Data_Sheet_1_Development of Tests for Arm Coordination Impairment in Paralympic Classification.DOCX (621.68 kB)

Data_Sheet_1_Development of Tests for Arm Coordination Impairment in Paralympic Classification.DOCX

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posted on 2022-07-06, 16:45 authored by Viola C. Altmann, Nadine Hendriks, Eline A. Lammens, Mariska Janssen

In Paralympic sport, classification of impairment with the ability to detect misrepresentation of abilities is mandatory. In wheelchair rugby, there is currently no objective method to classify arm coordination impairment. In previous research, sufficient correlation between the spiral test (ST) and activity in wheelchair rugby was found in athletes with coordination impairment. However, the ST depends on maximum voluntary effort.


To assess if the ST is an objective test for arm coordination impairment, in which maximum voluntary effort can be distinguished from intentional misrepresentation. The aims of this study were to (1) assess the test-retest reliability of the ST and (2) assess if Fitts's law is applicable to the ST.


Nineteen volunteers without impairments performed two sessions with three STs per arm. The STs were projected and measured on a tablet and had three different indices of difficulty based on differences in spiral width. The time to complete the spiral was measured and a penalty time was added for each time the borderline of the spiral was touched (3 s) or crossed (5 s).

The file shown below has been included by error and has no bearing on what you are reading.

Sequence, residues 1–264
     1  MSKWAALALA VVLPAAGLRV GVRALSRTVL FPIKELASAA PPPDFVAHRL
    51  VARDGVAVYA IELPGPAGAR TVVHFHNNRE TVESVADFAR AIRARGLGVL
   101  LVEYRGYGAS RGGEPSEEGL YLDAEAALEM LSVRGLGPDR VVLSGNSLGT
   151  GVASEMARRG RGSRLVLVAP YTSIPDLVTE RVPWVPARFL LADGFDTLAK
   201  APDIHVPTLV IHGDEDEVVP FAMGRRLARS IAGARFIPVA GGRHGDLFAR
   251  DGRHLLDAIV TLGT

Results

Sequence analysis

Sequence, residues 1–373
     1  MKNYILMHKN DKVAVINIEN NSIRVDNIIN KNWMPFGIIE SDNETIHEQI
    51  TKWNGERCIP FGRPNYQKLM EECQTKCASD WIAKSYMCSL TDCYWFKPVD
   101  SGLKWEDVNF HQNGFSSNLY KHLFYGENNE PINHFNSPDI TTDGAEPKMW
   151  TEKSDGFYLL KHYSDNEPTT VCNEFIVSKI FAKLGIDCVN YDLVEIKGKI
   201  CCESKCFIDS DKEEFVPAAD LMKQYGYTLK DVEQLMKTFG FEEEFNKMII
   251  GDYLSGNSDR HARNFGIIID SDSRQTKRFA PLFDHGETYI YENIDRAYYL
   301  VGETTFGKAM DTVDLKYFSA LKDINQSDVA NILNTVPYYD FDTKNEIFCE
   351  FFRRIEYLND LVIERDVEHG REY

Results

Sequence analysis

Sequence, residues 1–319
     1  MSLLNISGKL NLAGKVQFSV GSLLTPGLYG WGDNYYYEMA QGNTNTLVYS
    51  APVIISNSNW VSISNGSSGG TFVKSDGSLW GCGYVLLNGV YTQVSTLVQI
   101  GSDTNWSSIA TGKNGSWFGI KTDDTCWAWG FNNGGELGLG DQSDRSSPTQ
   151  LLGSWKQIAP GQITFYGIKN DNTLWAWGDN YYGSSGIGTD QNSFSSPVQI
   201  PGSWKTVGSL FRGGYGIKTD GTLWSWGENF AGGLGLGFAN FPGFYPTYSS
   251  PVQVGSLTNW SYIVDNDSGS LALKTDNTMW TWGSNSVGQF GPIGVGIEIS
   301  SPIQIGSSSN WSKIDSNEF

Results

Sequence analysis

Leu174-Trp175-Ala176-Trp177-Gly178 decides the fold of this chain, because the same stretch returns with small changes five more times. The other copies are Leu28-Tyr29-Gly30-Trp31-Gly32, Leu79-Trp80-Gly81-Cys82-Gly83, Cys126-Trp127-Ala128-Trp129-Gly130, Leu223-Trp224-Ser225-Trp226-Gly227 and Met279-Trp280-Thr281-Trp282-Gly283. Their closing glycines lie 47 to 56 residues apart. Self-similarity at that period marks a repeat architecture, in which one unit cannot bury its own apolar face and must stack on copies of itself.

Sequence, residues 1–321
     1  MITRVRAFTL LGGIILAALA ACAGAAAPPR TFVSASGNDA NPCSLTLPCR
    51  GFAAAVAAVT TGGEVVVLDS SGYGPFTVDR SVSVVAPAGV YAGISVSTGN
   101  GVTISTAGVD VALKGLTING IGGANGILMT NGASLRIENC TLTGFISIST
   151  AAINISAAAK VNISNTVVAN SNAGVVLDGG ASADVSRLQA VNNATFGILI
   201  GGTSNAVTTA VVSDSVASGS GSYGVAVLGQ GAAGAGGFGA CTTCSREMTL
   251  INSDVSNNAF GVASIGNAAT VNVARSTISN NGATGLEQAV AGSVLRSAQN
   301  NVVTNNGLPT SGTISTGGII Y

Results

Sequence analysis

Test-retest reliability was assessed using a Bland-Altman analysis and showed limits of agreement that were wider than the margins of 2SD from the group mean. Repeated measurement correlation coefficients between the index of difficulty according to Fitts's law and the movement time were > 0.95 (p-value < 0.001) for both test and retest. A post-hoc optimisation of penalty times revealed an optimum penalty time of 2.0 s for the dominant arm and 2.5 for the non-dominant arm for any contact with the margins of the spiral.


The ST has sufficient test-retest reliability and Fitts's law is applicable. Therefore, it is a promising option for classification of arm coordination impairment with the option to distinguish intentional misrepresentation from maximum voluntary effort.